Down with the kids

I believe the children are the future.

Or so warbled smooth soulster George Benson. Personally, I was always more of a Teenage Kicks kinda gal, but whichever way your musical leanings lie, let’s hear it for the youth of today. They’re the future, innit.

I’ve always been a fan of the yoof – adolescent angst, attitude and all. I was a fully paid up member of the teenage tearaway cohort myself, and am forever grateful that I was given some space to express my idiotic opinions and behaviour. Even more importantly, I was always encouraged to have dreams and ambitions. None of your all-American star-spangled aspiration for global fame and fortune, just a sense that I could, and should, look beyond my own wee milieu.

It was a mighty fine milieu, mind you. There were some real adventures to be had for me and my mates back in the day, but it certainly wasn’t all wee Regals, Woodpecker cider and The Clash. There was a growing sense of despair amongst many of my age – this was the late 70s, after all. There wasn’t a whole lot to look forward to unless you came from a family with money and ambition. I was only one of many who left school at the height of the Thatcher years, straight into Herschell Street dole office, clutching my tattered UB40 for the fortnightly signing on session. God, it was grim. For some of my old schoolmates it still is.

So maybe you’ll understand my disbelief and despair that yet again, the future is far from bright for so many of Scotland’s youngsters. It might not be too bad for those with inbuilt ambition and work ethic, and a few quid in the bank, but lest we forget, not too many in this particular part of post-industrial northern Europe share that good fortune. And personally, I’m not prepared to tolerate yet another generation being lost to poverty and poverty of aspiration – not for me the writing off of a whole swathe of young people as feckless wasters who are simply not worthy.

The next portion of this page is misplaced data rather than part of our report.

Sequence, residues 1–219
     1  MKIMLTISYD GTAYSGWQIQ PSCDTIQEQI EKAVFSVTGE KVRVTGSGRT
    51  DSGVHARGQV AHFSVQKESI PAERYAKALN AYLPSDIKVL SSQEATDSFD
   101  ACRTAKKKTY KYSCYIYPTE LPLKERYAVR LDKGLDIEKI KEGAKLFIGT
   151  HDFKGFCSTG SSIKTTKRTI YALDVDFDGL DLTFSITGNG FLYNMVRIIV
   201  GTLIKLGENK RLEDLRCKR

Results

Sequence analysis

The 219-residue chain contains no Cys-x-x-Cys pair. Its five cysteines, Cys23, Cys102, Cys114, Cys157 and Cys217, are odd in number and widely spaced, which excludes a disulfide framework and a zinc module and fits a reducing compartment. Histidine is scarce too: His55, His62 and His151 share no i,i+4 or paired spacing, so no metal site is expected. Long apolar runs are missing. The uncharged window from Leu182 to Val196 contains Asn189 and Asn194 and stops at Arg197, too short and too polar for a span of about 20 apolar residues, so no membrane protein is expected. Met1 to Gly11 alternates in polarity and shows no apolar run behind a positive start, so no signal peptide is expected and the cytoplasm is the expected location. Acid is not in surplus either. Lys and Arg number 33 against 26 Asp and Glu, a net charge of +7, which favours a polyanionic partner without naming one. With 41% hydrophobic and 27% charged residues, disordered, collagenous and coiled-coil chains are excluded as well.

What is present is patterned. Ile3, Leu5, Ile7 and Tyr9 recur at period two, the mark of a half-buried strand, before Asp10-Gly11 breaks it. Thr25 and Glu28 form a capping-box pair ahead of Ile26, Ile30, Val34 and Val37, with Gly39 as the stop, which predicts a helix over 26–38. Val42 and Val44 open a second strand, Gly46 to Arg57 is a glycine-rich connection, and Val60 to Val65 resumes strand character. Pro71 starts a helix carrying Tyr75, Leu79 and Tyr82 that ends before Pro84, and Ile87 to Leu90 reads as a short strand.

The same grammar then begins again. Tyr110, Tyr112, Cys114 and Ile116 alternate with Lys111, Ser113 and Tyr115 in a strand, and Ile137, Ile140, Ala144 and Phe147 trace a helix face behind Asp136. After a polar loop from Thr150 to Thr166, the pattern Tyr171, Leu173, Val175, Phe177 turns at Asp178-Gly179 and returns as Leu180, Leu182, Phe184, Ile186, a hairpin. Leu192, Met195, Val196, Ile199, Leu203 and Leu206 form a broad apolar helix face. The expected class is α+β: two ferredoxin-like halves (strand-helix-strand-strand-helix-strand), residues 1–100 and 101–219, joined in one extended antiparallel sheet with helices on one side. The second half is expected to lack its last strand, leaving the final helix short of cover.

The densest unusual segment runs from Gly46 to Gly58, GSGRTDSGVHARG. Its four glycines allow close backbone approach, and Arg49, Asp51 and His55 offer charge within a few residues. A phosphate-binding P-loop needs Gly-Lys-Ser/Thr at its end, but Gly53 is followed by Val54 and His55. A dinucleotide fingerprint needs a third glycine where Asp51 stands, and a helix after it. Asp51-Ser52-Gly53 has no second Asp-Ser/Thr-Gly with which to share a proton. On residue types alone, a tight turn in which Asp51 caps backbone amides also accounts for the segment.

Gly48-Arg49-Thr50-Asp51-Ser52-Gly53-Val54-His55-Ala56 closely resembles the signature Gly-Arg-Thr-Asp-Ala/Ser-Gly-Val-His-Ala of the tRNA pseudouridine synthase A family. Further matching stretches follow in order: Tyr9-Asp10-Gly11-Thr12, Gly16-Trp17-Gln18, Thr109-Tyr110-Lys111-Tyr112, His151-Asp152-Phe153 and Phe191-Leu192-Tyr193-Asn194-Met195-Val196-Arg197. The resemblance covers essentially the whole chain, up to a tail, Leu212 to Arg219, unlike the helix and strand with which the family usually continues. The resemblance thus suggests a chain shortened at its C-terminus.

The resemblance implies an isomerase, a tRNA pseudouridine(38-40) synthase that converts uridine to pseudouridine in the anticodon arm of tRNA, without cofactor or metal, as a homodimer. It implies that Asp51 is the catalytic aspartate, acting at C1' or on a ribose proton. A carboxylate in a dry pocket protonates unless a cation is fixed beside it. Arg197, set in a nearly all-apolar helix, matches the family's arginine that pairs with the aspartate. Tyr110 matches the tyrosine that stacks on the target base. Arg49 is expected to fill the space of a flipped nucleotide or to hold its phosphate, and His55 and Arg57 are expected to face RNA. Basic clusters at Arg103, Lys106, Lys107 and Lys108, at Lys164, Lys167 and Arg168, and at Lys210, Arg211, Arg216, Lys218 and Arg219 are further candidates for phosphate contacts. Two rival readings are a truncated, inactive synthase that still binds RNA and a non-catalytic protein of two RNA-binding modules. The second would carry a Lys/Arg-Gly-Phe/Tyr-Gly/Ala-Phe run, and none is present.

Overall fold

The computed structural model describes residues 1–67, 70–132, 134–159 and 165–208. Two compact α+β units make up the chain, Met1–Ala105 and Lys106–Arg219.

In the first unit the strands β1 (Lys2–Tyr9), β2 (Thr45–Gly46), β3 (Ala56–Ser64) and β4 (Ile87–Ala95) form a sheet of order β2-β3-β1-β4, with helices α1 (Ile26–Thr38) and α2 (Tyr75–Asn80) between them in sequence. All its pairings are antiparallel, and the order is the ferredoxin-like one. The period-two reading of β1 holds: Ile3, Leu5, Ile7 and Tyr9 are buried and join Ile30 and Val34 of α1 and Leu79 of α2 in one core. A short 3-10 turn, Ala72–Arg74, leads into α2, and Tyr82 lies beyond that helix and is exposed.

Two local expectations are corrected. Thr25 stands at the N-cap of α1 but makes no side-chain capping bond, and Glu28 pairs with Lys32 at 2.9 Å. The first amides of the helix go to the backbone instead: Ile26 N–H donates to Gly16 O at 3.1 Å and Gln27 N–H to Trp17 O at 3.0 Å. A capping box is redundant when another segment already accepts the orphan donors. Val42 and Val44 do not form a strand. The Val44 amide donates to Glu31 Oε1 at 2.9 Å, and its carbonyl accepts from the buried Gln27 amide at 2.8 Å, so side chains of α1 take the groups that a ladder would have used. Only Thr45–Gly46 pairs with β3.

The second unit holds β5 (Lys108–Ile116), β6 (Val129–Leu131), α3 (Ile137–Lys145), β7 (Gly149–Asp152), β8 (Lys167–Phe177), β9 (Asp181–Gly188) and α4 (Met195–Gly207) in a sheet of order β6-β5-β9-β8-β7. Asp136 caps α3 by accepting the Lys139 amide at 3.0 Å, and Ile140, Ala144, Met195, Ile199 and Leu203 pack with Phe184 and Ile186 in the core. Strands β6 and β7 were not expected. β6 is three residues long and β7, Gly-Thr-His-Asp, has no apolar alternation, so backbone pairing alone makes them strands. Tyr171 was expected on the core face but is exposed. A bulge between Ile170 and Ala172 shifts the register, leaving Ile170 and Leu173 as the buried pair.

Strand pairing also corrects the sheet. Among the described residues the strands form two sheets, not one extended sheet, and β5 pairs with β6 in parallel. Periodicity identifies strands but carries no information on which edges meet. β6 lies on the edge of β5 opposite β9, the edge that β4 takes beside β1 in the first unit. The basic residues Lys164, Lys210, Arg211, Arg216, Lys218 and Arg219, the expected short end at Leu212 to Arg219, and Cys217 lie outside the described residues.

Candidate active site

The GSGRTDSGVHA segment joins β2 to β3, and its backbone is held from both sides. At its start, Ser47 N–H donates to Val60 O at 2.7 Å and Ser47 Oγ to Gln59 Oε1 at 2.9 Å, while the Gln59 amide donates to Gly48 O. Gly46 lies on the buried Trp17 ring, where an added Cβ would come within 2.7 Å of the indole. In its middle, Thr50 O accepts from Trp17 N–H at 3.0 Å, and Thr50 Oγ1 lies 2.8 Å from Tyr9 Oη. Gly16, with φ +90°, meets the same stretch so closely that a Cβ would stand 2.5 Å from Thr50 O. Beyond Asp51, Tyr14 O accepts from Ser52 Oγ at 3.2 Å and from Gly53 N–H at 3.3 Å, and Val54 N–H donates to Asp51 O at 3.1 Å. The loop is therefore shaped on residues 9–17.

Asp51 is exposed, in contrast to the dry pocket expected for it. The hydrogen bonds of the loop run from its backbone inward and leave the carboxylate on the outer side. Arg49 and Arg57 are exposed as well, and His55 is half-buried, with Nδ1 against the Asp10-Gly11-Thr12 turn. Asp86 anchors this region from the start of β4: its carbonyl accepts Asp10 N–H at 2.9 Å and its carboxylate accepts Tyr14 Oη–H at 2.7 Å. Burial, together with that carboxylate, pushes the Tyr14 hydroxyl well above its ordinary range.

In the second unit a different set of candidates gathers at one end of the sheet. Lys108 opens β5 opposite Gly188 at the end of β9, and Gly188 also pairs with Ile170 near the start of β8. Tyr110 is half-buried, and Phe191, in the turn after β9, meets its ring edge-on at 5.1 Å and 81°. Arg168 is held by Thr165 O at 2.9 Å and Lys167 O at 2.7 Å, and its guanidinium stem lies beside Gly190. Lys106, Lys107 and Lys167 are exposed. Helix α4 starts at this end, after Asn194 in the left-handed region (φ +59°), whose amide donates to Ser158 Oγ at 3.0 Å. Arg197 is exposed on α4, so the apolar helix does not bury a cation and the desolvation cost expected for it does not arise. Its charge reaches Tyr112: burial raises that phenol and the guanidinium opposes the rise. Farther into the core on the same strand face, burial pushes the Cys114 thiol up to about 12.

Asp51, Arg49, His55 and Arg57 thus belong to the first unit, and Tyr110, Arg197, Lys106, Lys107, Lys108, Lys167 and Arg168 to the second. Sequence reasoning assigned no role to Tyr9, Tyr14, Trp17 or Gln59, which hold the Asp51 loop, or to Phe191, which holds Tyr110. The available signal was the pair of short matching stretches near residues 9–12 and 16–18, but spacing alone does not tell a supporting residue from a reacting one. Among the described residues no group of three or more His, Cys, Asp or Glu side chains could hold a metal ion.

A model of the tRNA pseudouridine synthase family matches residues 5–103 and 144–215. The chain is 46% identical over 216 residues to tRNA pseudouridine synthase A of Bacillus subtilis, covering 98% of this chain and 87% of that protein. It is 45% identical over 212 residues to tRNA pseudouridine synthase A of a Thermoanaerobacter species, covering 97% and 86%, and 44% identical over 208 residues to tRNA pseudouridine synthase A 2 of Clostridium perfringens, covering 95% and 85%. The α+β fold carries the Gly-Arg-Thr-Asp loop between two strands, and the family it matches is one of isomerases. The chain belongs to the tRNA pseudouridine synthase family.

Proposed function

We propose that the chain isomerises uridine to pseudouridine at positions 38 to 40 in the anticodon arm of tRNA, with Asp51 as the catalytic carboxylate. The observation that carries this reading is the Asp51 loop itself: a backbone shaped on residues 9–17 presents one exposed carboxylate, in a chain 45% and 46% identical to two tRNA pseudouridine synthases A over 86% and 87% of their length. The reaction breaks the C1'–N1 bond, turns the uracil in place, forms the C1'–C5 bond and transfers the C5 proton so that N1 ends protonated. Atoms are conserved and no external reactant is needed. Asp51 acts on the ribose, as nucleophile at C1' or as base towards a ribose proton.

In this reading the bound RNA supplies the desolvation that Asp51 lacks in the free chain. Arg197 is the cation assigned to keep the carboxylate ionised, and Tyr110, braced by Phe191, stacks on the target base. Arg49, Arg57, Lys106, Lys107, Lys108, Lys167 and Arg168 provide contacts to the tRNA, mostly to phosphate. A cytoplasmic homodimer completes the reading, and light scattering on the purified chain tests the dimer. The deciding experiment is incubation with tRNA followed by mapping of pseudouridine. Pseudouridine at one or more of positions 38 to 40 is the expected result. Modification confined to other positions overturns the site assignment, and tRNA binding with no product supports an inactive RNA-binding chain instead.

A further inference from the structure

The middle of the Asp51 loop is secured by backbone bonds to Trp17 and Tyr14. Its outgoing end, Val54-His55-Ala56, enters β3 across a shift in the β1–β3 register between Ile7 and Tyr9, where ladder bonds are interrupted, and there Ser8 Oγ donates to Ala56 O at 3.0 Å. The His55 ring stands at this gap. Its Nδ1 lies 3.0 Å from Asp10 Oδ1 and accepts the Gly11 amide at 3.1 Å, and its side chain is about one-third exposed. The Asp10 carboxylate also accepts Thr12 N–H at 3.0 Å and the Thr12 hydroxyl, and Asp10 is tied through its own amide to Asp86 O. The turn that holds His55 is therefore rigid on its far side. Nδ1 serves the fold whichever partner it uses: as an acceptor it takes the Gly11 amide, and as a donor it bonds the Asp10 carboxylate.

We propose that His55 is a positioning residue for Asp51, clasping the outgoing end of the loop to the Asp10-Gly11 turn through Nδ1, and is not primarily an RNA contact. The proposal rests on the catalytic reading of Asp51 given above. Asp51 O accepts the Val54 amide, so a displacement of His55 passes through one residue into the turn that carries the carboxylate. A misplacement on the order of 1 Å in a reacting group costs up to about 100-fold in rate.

See, I reckon young people are just about the best possible investment opportunity going for grown ups. But this is an investment which takes time to mature, it’s not necessarily going to deliver a quick return. So forget offshore avarice, and get-rich-quick snake oil schemes, this is all about long terms dividends. This is the future, goddammit. And you know it makes sense. Economic and social sense.

It makes perfect sense to me that I should do my wee bit to lend an ear, some encouraging words and the benefit of my wisdom (yeah, whatever…) to a young person who’s not necessarily had the same lucky breaks or background as me. I can’t offer money, but I can offer time, experience and encouragement. See, I had people who believed in me, good folk who pushed me out of teenage lethargy and into action, but not all of the class of ’76 were so lucky, and neither are plenty of today’s teenagers, so I’m right up for a bit of championing.

I was looking for an investment opportunity anyway, a way to return just some of the stuff I’ve had the good fortune to learn and enjoy. So this week I have signed up to become a mentor on the city’s MCR Pathways project. There’s no going back now, I’m all fired up to nurture some untapped teenage potential. I know it’s not much of a commitment, just a few hours a month, but anything which helps break vicious cycles or gives a wee bit of self-belief and something to aim for’s gotta be good, right? Right. So what you waiting for, people? Who’s joining in to help young Glaswegians flourish?

You too can be down with the kids.